Last week I finished the preparation of 64 identically sized panels (21 x 13.3 cm or 8 1/4 x 5 1/4 in.) for a new project. This project consists of cutting up a full length photograph (which happens to be a self-portrait, see here for the source image) into 64 identically sized pieces and then painting each piece in a different medium. Since there are not 64 different mediums, in effect, I’ve reduced my approach to five: egg tempera, encaustic, the mixed technique, oils and acrylics. Preparation-wise then, each medium receives the ground appropriate to it: egg tempera receives chalk gesso; encaustic and mixed technique, ditto; while oils receive an oil ground; and acrylics, acrylic gesso. Additionally each panel receives a pre-treatment (or not) thus: plain wood (so, no treatment); linen (glued on, using rabbit-skin glue); collage (glued on, again using rabbit-skin glue); pre-textured sculpting (I used acrylic modeling paste for the acrylic and oil panels while I experimented with pastiglia for the egg tempera, encaustic and mixed technique panels). Needless to say this approach presents a bit of a logistical nightmare but excel spreadsheets can indeed work miracles.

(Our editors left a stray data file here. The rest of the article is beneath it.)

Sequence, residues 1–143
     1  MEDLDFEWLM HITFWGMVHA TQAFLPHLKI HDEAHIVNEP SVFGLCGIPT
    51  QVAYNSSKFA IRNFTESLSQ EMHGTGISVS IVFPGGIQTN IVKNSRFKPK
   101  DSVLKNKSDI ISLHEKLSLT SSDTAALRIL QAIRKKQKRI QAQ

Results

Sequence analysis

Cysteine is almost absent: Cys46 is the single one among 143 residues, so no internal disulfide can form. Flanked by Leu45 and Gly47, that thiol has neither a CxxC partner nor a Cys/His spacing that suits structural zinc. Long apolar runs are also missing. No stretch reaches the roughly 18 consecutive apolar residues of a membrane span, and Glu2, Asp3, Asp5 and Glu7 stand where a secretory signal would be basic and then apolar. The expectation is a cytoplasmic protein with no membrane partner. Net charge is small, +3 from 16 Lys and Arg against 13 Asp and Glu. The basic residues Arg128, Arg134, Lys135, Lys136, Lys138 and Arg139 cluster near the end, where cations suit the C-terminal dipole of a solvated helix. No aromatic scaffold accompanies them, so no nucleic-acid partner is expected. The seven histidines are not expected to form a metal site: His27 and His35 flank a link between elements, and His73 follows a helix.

Anyway, instead of this appearing to be a new direction, actually, it’s not. It’s a return to the kind of work I was doing approximately 40 years ago. And have briefly dabbled in since in 2012. But I’m returning to it now with a deeper understanding of many things, philosophically, aesthetically and technically. Here we go…

So this week I began with the egg tempera panels. One fourth of each of these will be painted on chalk gesso over wood, linen, collage or pastiglia, respectively. In all cases I’ve decided to use silverpoint for my underdrawing, as this works particularly well on chalk gesso. From a gevoelsmatig (feeling-sense) point of view it is delightful to do and results in very subtle, warm value gradations. Pictured here is the finished silverpoint drawing of panel #1 and the photograph upon which it was based.
I love how these compositions are completely arbitrary and spontaneous. The challenge will be to create an interesting painting of each one. In the end I expect there will be a certain amount of dissonance between panels; the challenge will be to create enough but not too much.